Those who are best able to build meaningful relationships with others possess common skills: they’re great listeners, they’re comfortable expressing themselves, they forgive easily, they’re present in the moment, they freely give compliments, they apologize when they’re wrong, and they show kindness and compassion.
All these skills can be developed. Nobody is inherently and permanently bad at being a friend. You may have learned some unhealthy behaviors or put up defense mechanisms over time, but it’s not too late to unlearn these things. And it’s never too late to improve.
Let’s talk about what these relationship-building skills look like and how you can practice them.
Active listening means:
- You’re listening to the person with a goal of understanding rather than a goal of formulating a response before any silence occurs
- You’re engaging by asking questions, making eye contact, defying distractions, and speaking through body language.
Practice active listening by turning off your monitor when someone enters your office to talk, ignoring notifications during dinner with your family, and responding to demonstrate engagement. The key here is to be actively involved in the conversation and to remove all distractions.
Self-expression becomes more comfortable with self-confidence. You can build confidence in yourself by speaking words of affirmation (“I am talented. I am smart. I am beautiful. I am strong.”) and journaling at the beginning and end of each day. Confidence often continues to grow as affirming connections are built, too.
Nobody is perfect, and no friendship is perfect, either. That’s why forgiveness is important in developing relationships. Misunderstandings and plain mistakes can threaten even the most meaningful friendships if you can’t forgive those you care about.
Developing the ability to forgive comes with emotional intelligence: recognizing how you feel, recognizing the emotions that may have led to the transgression, and then coping with those emotions in a healthy way can allow you to truly forgive and move forward.
When you’re present, you’re entirely focused on the discussion or person in front of you. You’re not browsing social media, worrying about tomorrow, or dwelling on the past. If you find your mind straying, recognize it and bring it back to the present.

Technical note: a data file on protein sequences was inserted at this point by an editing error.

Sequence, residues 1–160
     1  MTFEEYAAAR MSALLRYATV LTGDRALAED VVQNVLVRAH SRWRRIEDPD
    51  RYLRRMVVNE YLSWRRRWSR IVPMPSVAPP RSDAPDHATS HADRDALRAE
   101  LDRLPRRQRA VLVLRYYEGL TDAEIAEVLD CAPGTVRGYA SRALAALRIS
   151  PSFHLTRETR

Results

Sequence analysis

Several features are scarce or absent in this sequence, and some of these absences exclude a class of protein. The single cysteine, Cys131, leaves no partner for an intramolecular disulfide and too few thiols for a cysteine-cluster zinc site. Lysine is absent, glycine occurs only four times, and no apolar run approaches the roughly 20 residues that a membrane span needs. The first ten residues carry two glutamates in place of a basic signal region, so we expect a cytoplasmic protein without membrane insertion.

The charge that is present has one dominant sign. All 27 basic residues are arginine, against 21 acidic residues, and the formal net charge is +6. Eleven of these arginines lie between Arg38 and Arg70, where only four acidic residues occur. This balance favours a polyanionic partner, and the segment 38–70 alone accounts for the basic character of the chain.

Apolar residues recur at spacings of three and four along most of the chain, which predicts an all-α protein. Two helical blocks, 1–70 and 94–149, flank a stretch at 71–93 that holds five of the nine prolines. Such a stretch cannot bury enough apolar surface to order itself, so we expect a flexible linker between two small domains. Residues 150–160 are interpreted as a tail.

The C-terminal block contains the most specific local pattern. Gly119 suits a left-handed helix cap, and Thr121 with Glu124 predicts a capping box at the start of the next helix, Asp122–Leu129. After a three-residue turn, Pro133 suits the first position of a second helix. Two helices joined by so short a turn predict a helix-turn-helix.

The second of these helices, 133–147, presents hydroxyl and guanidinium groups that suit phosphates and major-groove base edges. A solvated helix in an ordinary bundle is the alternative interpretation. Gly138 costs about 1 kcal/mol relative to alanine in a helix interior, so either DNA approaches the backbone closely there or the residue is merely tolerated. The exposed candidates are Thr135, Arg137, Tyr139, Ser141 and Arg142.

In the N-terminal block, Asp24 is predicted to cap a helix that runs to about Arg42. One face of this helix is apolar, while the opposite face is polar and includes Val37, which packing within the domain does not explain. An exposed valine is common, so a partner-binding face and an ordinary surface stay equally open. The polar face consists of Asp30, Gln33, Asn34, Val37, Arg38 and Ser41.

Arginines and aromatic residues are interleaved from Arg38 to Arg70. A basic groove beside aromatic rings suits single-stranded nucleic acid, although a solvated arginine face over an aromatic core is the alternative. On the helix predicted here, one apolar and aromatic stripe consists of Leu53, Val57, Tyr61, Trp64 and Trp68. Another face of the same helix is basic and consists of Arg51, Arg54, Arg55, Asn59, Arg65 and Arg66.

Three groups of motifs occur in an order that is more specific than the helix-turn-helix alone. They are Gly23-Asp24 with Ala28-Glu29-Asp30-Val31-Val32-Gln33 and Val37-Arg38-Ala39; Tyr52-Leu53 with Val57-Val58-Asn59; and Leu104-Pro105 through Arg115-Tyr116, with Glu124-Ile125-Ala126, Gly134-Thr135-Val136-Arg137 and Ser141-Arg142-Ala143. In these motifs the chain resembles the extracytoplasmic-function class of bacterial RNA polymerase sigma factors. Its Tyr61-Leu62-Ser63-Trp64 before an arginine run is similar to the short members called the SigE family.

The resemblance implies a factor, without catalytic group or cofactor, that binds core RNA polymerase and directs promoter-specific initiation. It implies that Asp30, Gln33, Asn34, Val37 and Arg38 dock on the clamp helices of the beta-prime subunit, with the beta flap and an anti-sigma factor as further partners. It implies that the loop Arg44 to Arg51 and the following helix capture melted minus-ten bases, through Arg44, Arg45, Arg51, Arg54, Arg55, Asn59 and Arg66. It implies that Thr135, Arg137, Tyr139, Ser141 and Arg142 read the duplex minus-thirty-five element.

Real presence takes practice. Ask yourself often, “Am I present in the moment?” and redirect your thoughts to the person or people you’re with until it becomes more comfortable.
Other Important Skills
Kindness, compassion, and the ability to make others feel important are also valuable relationship-building traits. And these don’t take much practice — just intention. Treat others with the utmost respect, even when they aren’t in the room. Refrain from gossip. Give out compliments freely and criticism rarely. Apologize when you’re wrong.
Resources to Help You Along the Way
I’ve compiled some great resources to help you start your journey toward more meaningful relationships — and all of the benefits that come with them:
- The book Active Listening 101: How to Turn Down Your Volume to Turn Up Your Communication Skills by Emilia Hardman is a quick read (just 56 pages) but can provide you with actionable steps to becoming a better listener.
- There are hundreds of resources that can help you build emotional intelligence, which in turn can help you become a better friend and build healthier friendships, but I love this article from Psychology Today. It reduces a lot of wisdom down to just six tips, but I think they’re the most important ones, which means you can spend less time reading and more time growing.
- The Happier Mind Journal can provide the perfect platform on which to build your soft skills and become the best version of yourself. It gives you the prompts to establish your goals, remind yourself of those goals every morning, take baby steps toward achieving them, and then evaluate your progress at the end of the day.